Special Populations


The Role of Teacher Inquiry in Working with Special Needs Gifted Learners

Saturday, November 11
3:45 PM - 4:45 PM
Location: 203 B

This presentation examines inquiry-based instructional approaches to working with students who have high potential, but also special needs. Focus is placed on inquiry as the thread that weaves together a plan of instruction that has been successful for these students. Profiles of students of color, poverty, twice exceptionality, and language needs are described with commentary regarding approaches that received positive results. Commonalities of instruction, such as the use of metacognition, the use of acceleration, and the use of career counseling, are provided alongside effective inquiry-based teacher instructional interventions. A differentiated educational plan for the use of inquiry techniques in the classroom will be provided.

Ariel Baska

Fairfax County Public Schools

Ariel Baska teaches all levels of Latin in Fairfax County Public Schools. She received her Bachelor’s degree in Classics from The College of William and Mary, and Master's degree in Curriculum Studies with an emphasis in Gifted Education at George Mason University.
She has presented at many state, national and international conferences on the topics of twice exceptionality, foreign language education, and the classics. She has written numerous articles and chapters on these topics, and with her mother, Joyce VanTassel-Baska, she wrote a book designed to introduce gifted students to Latin - Ancient Roots and Ruins, Prufrock Press (2013). She was the 2015 recipient of the A. Harry Passow Classroom Teacher Award.


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Joyce VanTassel-Baska

Smith Professor Emerita
College of William and Mary

Joyce VanTassel-Baska is the Jody and Layton Smith Professor Emerita of Education and founding director of the Center for Gifted Education at The College of William and Mary in Virginia where she developed a graduate program and a research and development center in gifted education. She also initiated and directed the Center for Talent Development at Northwestern University. Prior to her work in higher education, Dr. VanTassel-Baska served as the state director of gifted programs for Illinois, as a regional director of a gifted service center in the Chicago area, as coordinator of gifted programs for the Toledo, Ohio public school system, and as a teacher of gifted high school students in English and Latin. She has worked as a consultant on gifted education in all 50 states and for key national groups and has consulted internationally in over 25 countries. Dr. VanTassel-Baska has published widely including 29 books and over 550 refereed journal articles, book chapters, and scholarly reports. Recent books include: Content-based Curriculum for Gifted Learners (2011) (with Catherine Little) and Patterns and Profiles of Low Income Learners (2010). Recent curriculum work includes units of study on leadership (with Linda Avery) and on Roman culture (with Ariel Baska). She also served as the editor of Gifted and Talented International, a research journal of the World Council on Gifted and Talented, for seven years from 1998-2005.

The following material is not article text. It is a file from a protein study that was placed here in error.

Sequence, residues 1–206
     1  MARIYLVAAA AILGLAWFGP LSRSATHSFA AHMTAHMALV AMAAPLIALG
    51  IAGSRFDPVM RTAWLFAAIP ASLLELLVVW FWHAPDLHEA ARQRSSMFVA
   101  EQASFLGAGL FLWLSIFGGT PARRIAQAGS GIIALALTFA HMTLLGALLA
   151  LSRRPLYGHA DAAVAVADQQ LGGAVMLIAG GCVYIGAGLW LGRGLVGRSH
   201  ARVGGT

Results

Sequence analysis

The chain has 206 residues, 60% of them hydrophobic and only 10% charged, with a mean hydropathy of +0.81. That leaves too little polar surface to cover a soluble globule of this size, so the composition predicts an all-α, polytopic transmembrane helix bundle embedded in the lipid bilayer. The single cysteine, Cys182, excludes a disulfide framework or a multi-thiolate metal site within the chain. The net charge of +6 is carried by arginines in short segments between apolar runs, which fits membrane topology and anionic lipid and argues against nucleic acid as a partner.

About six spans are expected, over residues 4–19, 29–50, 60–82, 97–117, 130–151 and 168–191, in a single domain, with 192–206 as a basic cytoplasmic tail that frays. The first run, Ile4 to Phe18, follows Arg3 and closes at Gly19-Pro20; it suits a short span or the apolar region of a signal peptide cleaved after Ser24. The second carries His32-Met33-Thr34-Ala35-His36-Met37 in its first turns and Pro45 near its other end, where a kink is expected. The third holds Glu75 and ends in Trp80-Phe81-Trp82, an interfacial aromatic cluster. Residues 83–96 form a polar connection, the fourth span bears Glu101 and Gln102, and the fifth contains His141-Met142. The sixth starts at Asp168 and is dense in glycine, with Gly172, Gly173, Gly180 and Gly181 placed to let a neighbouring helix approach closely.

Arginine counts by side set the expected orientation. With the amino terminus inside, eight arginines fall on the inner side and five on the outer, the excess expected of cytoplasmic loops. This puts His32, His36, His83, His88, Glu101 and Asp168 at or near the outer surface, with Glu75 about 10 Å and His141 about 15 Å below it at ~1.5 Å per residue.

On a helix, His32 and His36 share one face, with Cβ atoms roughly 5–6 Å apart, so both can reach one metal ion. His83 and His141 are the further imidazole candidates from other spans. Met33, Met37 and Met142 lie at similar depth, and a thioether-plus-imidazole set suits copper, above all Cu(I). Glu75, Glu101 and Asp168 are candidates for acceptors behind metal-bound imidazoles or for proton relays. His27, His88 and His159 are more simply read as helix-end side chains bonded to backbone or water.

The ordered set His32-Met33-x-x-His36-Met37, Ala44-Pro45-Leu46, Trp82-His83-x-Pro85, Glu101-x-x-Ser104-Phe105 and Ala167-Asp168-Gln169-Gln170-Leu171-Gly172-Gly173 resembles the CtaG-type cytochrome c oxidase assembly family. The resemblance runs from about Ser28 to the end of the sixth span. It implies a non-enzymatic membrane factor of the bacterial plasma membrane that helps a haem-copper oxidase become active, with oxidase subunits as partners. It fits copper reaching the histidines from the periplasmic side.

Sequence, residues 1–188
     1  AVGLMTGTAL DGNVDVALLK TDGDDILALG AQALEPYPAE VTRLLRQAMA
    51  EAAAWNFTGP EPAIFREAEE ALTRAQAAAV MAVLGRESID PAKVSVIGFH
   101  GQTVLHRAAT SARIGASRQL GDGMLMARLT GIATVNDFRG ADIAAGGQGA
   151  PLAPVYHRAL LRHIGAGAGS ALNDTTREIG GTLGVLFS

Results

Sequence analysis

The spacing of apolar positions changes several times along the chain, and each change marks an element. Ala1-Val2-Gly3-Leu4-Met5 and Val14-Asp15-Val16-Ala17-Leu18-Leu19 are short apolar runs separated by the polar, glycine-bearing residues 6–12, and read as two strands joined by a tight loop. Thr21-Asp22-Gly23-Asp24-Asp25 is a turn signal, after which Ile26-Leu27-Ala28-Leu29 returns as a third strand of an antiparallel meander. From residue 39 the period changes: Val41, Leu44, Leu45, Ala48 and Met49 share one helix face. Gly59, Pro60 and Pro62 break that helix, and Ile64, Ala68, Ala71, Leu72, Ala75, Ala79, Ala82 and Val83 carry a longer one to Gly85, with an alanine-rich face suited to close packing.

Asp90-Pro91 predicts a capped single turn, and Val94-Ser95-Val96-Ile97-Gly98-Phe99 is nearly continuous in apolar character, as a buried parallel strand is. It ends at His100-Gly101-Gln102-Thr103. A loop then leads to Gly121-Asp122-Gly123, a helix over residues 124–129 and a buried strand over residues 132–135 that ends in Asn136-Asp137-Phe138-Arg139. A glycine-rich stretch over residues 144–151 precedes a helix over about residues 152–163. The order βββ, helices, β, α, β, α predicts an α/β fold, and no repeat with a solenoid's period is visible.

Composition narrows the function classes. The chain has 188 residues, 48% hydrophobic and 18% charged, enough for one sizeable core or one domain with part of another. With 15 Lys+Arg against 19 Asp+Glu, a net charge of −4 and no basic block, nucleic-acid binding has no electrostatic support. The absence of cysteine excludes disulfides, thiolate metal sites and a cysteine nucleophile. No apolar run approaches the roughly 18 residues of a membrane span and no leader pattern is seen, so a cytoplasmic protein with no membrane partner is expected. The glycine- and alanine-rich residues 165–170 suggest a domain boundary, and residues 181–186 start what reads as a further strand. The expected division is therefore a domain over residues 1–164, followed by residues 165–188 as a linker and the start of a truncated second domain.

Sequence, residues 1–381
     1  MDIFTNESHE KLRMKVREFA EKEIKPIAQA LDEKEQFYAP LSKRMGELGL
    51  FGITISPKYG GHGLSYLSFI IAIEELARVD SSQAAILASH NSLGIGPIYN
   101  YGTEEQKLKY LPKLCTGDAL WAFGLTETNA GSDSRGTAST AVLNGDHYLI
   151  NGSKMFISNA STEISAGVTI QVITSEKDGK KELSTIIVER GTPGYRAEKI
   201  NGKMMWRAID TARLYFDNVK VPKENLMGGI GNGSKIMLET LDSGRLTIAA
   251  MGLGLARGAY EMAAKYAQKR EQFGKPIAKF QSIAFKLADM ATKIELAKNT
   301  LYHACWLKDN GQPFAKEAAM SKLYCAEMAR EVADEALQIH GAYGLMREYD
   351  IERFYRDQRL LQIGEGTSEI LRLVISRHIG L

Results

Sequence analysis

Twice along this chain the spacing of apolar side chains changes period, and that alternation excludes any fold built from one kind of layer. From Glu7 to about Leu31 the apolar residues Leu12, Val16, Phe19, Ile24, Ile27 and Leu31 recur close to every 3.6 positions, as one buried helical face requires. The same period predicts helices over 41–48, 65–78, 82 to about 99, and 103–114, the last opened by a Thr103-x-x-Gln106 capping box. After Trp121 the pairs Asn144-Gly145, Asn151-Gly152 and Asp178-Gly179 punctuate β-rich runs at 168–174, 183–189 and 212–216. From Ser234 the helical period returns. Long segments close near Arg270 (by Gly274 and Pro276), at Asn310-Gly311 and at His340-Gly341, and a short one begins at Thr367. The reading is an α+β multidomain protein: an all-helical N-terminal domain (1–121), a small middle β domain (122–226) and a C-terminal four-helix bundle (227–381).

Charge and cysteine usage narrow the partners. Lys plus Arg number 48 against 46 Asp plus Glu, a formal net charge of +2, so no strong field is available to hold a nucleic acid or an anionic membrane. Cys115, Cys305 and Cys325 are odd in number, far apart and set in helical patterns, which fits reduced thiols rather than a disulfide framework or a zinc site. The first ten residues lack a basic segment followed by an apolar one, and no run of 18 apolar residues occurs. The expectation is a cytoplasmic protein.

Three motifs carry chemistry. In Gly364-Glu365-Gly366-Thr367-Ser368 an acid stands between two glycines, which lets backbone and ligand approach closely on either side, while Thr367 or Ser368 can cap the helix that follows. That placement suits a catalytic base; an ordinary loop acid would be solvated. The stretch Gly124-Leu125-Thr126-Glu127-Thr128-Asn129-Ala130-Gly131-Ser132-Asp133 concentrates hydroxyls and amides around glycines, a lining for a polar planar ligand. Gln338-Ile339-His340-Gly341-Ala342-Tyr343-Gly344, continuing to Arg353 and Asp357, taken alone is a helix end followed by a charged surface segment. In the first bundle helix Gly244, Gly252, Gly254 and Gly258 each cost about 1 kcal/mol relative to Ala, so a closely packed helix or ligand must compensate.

She was selected as a Fulbright Scholar to New Zealand in 2000 and a visiting scholar to Cambridge University in England in 1993. Her major research interests are on the talent development process and effective curricular interventions with the gifted. She has served as principal investigator on 62 grants and contracts totaling over $15 million. She holds B.A., M.A., M.Ed., and Ed.D. degrees from the University of Toledo,


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The Role of Teacher Inquiry in Working with Special Needs Gifted Learners


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